The Strange Case of Origami Yoda: Origami Yoda, Book 1

Common Sense Media says

Funny, charming tale of middle school crushes, friendships.

Age(i)

2
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5
6
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8
9
10
11
12
13
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17

Quality(i)

 

What parents need to know

Educational value

Elementary school readers will get a funny but insightful view into middle school curriculum and culture.

Positive messages

The Strange Case of Origami Yoda's cast of unusual and insecure sixth graders show that wisdom can come from surprising sources; anyone may have something to teach us.

Positive role models

Tommy is honest about his feelings for Sara, and he admits remorse for his occasional unkindness toward Dwight. He's a regular kid who may let other boys and girls know it's natural to make mistakes, or to feel nervous about a crush. Dwight shows that a young man can let his freak flag fly and survive.

Violence

In the chapter "Dwight and the Fight," a bully named Zack is mean to a girl Dwight likes, so he avenges her by jumping the bully from behind a trash can. This happens offscreen, but readers are told that Zack "clobbered him," and Dwight walked away with a large bruise on his face.

Sex

Sixth graders think and talk about having crushes on members of the opposite sex, and one couple kisses at a school dance. The main narrator, Tommy, views PDAs (public displays of affection) with disdain.

Language

There's some immature name-calling; kids call each other "idiot," "jerk," "fartface," "dork," "weirdo," "loser," and "pain in the butt."

Consumerism

One boy is known as the Cheeto Hog. Youtube is mentioned, as well as the Hallmark Channel, and mainstream movies, including Spiderman 3 and, of course, Star Wars.

Drinking, drugs, & smoking
Not applicable

Parents Need to Know

Parents need to know that Tom Angleberger's The Strange Case of Origami Yoda is the first book in a series about a group of middle schoolers. In this outing, a member of the group named Dwight creates an origami finger puppet of the Stars Wars character Yoda and convinces at least some of his schoolmates that it's like an oracle who can can impart wisdom and predict the future. This novel is full of humor and light middle school angst over schoolwork, crushes, and friendships. The device of the Yoda puppet means there's a certain focus on popular culture, including kids' fascination with the Star Wars movies. There's also some middle school meanness, including one incidence of bullying, one fight, and name-calling among friends. The kids think and talk about members of the opposite sex whom they "like," and one couple kisses at a school dance.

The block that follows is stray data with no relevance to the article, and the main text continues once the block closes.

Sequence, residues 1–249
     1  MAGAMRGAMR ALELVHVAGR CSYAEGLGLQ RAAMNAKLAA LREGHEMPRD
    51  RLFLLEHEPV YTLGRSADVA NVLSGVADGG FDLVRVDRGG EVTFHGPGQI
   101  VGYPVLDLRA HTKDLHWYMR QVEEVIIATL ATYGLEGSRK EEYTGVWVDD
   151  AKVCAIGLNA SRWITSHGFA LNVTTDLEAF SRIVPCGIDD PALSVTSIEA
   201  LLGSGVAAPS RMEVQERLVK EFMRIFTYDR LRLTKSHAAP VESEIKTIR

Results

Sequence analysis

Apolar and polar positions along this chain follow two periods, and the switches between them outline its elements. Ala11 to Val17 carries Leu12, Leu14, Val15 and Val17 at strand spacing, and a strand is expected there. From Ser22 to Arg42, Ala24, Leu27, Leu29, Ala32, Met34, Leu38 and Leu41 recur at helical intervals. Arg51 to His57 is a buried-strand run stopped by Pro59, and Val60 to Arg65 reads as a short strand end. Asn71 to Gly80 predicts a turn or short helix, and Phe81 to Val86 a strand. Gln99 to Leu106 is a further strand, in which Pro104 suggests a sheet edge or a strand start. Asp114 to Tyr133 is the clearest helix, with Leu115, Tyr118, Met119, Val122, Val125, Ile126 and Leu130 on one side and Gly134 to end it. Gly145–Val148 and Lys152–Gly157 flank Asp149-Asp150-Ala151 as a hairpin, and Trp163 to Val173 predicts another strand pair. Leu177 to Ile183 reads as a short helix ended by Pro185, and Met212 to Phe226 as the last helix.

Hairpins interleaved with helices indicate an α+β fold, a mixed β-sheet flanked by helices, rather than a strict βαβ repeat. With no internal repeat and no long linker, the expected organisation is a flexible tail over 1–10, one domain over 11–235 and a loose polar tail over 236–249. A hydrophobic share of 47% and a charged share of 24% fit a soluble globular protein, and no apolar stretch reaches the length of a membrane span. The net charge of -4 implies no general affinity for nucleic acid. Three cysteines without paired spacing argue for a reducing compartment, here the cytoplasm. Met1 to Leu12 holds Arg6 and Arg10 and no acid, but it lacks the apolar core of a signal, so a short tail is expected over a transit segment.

Parents say

Kids say

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What's the story?

In a group of friends on the edges of middle school society, the most unusual character is Dwight, a boy who's been known to sit in holes and mop up spills with the clothes he's wearing. One day, Dwight shows his friends an origami Yoda finger puppet he made and proceeds to channel the Star Wars prophet, telling classmates' fortunes in a Yoda-like voice. This book includes anecdotes related by the main narrator, Tommy, and several of their friends, as they debate whether origami Yoda is "real," meaning whether he can really predict the future and advise lovelorn and stressed out tweens.

Is it any good?

QUALITY
 

Middle school's awkward moments are fodder for ORIGAMI YODA, a funny, charming little book about tween crushes and friendships. Tom Angleberger creates situations and characters that are at once highly unusual and very relatable. The author is also ingenious in his use of a device--the origami Yoda-- that's both trendy and timeless, as Star Wars seems to be a film series that kids will keep "discovering" for generations to come.

Families can talk about...

  • Families can talk about whether oragami Yoda can tell the future. Do you think kids at your school would believe in the origami Yoda?

  • Have you read other books that are narrated by more than one person? Do you like this approach to storytelling?

  • Do you know any kids like Dwight? Why do you think he does some of the odd things he does?

Book details

Author:Tom Angleberger
Genre:School
Topics:Friendship, Misfits and underdogs, Space and aliens
Book type:Fiction
Publisher:Abrams
Publication date:March 1, 2010
Number of pages:141
Publisher's recommended age(s):8 - 12
Available on:Audiobook (unabridged), Hardback, iBooks, Kindle, Nook, Paperback

This review of The Strange Case of Origami Yoda: Origami Yoda, Book 1 was written by

About our rating system

  • ON: Content is age-appropriate for kids this age.
  • PAUSE: Know your child; some content may not be right for some kids.
  • OFF: Not age-appropriate for kids this age.
  • NOT FOR KIDS: Not appropriate for kids of any age.

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Quality

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Learning ratings

  • Best: Really engaging; great learning approach.
  • Very Good: Engaging; good learning approach.
  • Good: Pretty engaging; good learning approach.
  • Fair: Somewhat engaging; OK learning approach.
  • Not for Learning: Not recommended for learning.
  • Not for Kids: Not age-appropriate for kids; not recommended for learning.

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Parent of a 8 and 11 year old Written byGenevieveRuth July 10, 2013
AGE
9
QUALITY
 

I love this author and this book!

What other families should know
Great messages
Great role models

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